The purpose of this research is to build a device to non-invasively measure blood glucose levels. Infrared light will be used to determine blood glucose levels through the skin, using the unique optical response of blood or other bodily fluids: tears, saliva, or urine. The optical properties of blood glucose, or glucose in tears, saliva or urine will be researched in the beginning of the study to determine the best method to measure glucose levels in the body. From the preliminary literature, it has been found that optical properties of skin depend on structural properties and chemical composition of the skin, which varies with time and location on the body. The increase of glucose concentrations decreases the scattering coefficient in tissues. Two techniques have been presented in the literature: optical coherence tomography (OCT) and near-infrared spectroscopy (NIR). If blood glucose is to be measured through the skin, another aspect to look for is the location of the non-invasive measurement. During the research period, each technique will be evaluated in terms of its accuracy value and cost to build. The best technique will be used to build a biophotonics device that will measure blood glucose levels through various bodily fluids, including blood (through the skin), tears, saliva and urine. The device will be tested against glucose meters that have been FDA approved, both non-invasive and invasive (using blood drawn from a finger prick).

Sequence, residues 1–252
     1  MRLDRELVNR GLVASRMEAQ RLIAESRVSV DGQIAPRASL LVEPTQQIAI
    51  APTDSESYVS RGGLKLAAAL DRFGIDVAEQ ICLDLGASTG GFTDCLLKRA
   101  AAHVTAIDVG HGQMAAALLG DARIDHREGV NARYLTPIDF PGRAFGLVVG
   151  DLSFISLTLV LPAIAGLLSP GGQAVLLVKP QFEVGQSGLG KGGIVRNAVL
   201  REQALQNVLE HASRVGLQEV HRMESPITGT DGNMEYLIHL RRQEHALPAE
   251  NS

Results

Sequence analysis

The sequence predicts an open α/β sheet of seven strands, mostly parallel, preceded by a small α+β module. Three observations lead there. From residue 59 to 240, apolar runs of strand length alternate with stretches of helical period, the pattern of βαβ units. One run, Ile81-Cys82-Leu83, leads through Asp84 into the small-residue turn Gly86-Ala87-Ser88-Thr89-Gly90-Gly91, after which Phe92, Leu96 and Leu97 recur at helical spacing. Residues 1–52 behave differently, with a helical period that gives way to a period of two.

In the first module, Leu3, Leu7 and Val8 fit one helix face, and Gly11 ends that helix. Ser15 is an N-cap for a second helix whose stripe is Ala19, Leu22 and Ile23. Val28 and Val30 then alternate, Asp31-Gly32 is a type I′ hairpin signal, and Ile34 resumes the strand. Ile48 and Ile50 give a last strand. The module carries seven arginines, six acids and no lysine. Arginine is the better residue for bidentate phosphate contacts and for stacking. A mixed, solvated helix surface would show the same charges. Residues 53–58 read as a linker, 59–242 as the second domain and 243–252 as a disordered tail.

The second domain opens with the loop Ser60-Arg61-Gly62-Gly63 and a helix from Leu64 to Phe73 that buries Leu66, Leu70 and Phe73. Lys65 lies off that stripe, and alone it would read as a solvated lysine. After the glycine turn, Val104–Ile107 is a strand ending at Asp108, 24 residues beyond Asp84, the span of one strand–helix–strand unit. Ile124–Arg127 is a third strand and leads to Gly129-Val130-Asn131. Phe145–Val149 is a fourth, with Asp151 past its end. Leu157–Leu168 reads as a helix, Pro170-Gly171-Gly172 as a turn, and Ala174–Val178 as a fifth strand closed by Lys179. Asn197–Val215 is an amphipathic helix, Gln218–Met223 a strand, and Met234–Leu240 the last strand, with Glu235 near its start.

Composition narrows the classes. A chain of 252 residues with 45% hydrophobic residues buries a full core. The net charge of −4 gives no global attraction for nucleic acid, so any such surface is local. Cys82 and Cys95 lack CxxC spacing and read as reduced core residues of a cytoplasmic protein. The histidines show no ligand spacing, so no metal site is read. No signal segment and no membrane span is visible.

Please check out the presentations my undergraduate students prepared during Summer 2010 (Well done everyone!):
Rohit Zijoo & Aditya Purohit
Yao Sun
Peter Eseraigbo

In Summer 2011, my USRA students (Martin Friedl, Jeremy Miller and Michael Sawires) have fabricated and test amorphous Silicon based solar cells, including both the Schottky diode design and the PIN configuration. Here is a copy of their powerpoint presentation.


Continuously increasing CMOS integration density is enabling greater functional complexity and speed than ever before. Now, as silicon electronics begins to merge with photonics and advanced material technologies, innovative systems-on-chip (SOCs) are being explored for fascinating new biomedical and environmental applications. However, the high-speed electronics on the CMOS chips run at very high and non-uniform temperatures, compromising reliability. This research project seeks solutions to the thermal reliability/operational limits of modern opto-electronic ICs.

The theoretical and experimental work of similar device was done at MIT (see W. N. Ye et al., IEEE Photon. Technol. Lett., 20 (11), pp. 882-884, 2008; V. Raghunathan et al., Opt. Exp., 18 (17), pp.17631-17639, 2010.). Professor L. C. Kimerling from MIT is interested in continuing our collaboration on this project. Qualified students will be working with me and possibly with Professor Kimerling.


Over half of the hospital-acquired infections are ?biofilm infections?, which are associated with implants. A biofilm is frequently developed to surround an implanted device and act as a protective shield from host immune defenses and antibiotic medications. As a result, the biofilm is likely to lead to chronic and life threatening infections. The fatality from these infections ranges from 5% to 60%. It is necessary to develop an effective solution for solving the problem of biofilms such that implanted medical device-associated infections can be effectively prevented or are at least treatable in an efficient and acceptable manner without surgery.

This project is to design, fabricate and test an integrated biophotonic system for photodynamic treatment of implanted device associated biofilm infections. The efficacy of the device will be tested in clinical trials, conducted by the physicians and scientists at the Ottawa Heart Institute. The main collaborator of the project is Dr. Tofy Mussivand from the Ottawa Heart Institute.